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A8.3 Deficit of S100A4 Prevents Joint Destruction and Systemic Bone Loss in hTNFtg Mouse Model
  1. Michal Tomcik1,2,
  2. Christina Böhm2,
  3. Carina Scholtysek2,
  4. Lucie Andres Cerezo1,
  5. Wolfgang Baum2,
  6. Clara Dees2,
  7. Christian Beyer2,
  8. Jerome Avouac2,3,
  9. Pawel Zerr2,
  10. Katrin Palumbo2,
  11. Alfiya Distler2,
  12. Radim Becvar1,
  13. Oliver Distler4,
  14. Mariam Grigorian5,
  15. Gerhard Krönke2,
  16. Georg Schett2,
  17. Jörg HW Distler2,
  18. Ladislav Senolt1
  1. 1Institute of Rheumatology and Department of Rheumatology, 1st Faculty of Medicine, Charles University, Prague, Czech Republic
  2. 2Department of Internal Medicine III and Institute for Clinical Immunology, University of Erlangen-Nuremberg, Erlangen, Germany
  3. 3Paris Descartes University, Rheumatology A Department, Cochin Hospital, Paris, France
  4. 4Center of Experimental Rheumatology and Zurich Center of Integrative Human Physiology, University Hospital Zurich, Switzerland
  5. 5Institute of Cancer Biology, Danish Cancer Society, Copenhagen, Denmark


Background Our previous studies demonstrated increased levels of S100A4 protein in sera, synovial fluid and synovial membrane of patients with rheumatoid arthritis (RA) compared to osteoarthritis. S100A4 regulates apoptosis and induces production of matrix metalloproteinases by synovial fibroblasts. Furthermore, S100A4 stimulates synthesis of tumour necrosis factor (TNF)-α by mononuclear cells. The aim of this study was to investigate the effect of loss of S1004 in induction of experimental arthritis in the human TNF transgenic (hTNFtg) mouse model.

Methods We crossed the heterozygous hTNFtg mice with S100A4 knockout (S100A4-/-) mice. Mice were clinically assessed for paw swelling, grip strength and body weight weekly from 6th to 14th week of age in a blinded manner. Sections of hind paws and tibias were histologically analysed for synovial inflammation, cartilage loss, bone erosions, osteoclast numbers and bone formation parameters with the OsteoMeasure image analysis system.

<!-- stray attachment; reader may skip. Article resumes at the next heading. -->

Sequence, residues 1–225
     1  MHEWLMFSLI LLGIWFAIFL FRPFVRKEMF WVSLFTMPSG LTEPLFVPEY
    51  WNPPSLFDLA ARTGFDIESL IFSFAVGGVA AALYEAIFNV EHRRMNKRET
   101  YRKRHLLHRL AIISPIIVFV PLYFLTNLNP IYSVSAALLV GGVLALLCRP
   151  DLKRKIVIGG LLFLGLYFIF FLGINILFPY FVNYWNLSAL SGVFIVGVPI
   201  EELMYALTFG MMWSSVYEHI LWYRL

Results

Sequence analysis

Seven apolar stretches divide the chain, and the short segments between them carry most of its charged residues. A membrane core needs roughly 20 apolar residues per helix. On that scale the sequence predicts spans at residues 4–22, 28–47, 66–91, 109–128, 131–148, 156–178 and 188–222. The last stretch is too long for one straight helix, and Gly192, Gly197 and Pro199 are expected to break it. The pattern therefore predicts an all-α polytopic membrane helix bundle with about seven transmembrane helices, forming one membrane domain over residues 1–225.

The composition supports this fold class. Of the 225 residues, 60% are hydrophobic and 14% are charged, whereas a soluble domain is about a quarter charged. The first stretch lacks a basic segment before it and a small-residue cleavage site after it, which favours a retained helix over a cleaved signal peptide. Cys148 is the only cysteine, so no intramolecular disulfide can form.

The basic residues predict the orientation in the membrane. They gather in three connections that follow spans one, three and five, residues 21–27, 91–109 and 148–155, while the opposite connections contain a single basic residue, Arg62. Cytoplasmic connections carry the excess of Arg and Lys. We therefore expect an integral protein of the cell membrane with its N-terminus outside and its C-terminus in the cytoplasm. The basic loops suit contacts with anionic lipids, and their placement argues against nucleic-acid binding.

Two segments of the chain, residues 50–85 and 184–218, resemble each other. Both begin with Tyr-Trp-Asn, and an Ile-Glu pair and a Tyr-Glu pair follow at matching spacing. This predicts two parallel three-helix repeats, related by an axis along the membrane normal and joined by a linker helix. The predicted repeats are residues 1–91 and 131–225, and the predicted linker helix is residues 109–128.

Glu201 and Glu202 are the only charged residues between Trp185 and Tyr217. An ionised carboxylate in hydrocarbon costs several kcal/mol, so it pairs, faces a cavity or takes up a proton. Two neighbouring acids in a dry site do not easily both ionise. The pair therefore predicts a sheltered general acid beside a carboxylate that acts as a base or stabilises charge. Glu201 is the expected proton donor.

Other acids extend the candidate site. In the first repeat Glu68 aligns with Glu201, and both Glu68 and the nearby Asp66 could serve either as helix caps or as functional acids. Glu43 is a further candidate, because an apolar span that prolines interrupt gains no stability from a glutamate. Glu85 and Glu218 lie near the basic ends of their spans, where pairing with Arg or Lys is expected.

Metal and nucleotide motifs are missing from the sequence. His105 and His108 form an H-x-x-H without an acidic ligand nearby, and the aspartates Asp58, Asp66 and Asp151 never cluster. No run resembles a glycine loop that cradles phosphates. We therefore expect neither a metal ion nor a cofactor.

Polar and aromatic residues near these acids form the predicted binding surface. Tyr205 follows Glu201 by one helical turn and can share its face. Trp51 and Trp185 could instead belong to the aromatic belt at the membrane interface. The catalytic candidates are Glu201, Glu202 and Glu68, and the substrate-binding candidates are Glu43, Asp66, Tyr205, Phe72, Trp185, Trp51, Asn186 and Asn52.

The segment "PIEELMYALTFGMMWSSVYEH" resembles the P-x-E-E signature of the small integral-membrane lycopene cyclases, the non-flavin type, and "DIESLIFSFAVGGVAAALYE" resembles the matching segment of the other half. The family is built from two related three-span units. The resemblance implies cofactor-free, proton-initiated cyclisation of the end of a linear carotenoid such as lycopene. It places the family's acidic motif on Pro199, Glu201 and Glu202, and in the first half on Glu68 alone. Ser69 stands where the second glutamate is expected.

Results In the group of hTNFtg; S100A4-/- mice, paw swelling, grip strength and body weight were significantly improved compared to hTNFtg; S100A4+/+ (p < 0.01 for all parameters). Consistent with the clinical observations, histological analysis of the tarsal joints of hTNFtg; S100A4-/- mice showed reduced pannus formation (area of inflammation decreased by 66 ± 3%, p < 0.01) and cartilage destruction (cartilage loss decreased by 63 ± 6%, p < 0.01) compared to hTNFtg; S100A4+/+ mice. Similarly, osteoclast numbers were decreased by 84 ± 3% (p < 0.01) and bone erosions were less severe (area of bone erosion decreased by 81 ± 4%, p < 0.01) in hTNFtg; S100A4-/- mice. Furthermore, hTNFtg; S100A4-/- mice were protected from systemic bone loss. Absence of S100A4 completely reversed increased osteoclast formation and bone resorption in hTNFtg mice. hTNFtg; S100A4-/- mice had an increased bone volume per total volume (BV/TV) by 78 ± 20% (p < 0.05) and a decrease in trabecular separation by 39 ± 4% (p < 0.05), decreased numbers of osteoclasts per bone perimeter (NOc/BPm decreased by 43 ± 2%, p < 0.01), decreased bone surface covered by osteoclasts (Oc.S/BS decreased by 52 ± 3%, p < 0.01), increased numbers of osteoblasts per bone perimeter (NOb/BPm increased by 129 ± 20%, p < 0.05) and increased bone formation rate per bone surface (BFR/BS increased by 112 ± 18%, p < 0.05) compared to hTNFtg; S100A4+/+.

Conclusions These results suggest that inhibition of S100A4 effectively prevents induction of experimental arthritis via protecting against TNF-induced synovial inflammation, cartilage and bone destruction, and systemic bone loss. Our results support the role of S100A4 in the pathogenesis of RA where an increased S100A4 protein in circulation and locally at sites of inflammation may be linked to the process of aggressive fibroblast behaviour. Thus, S100A4 might represent a novel therapeutic target in RA.

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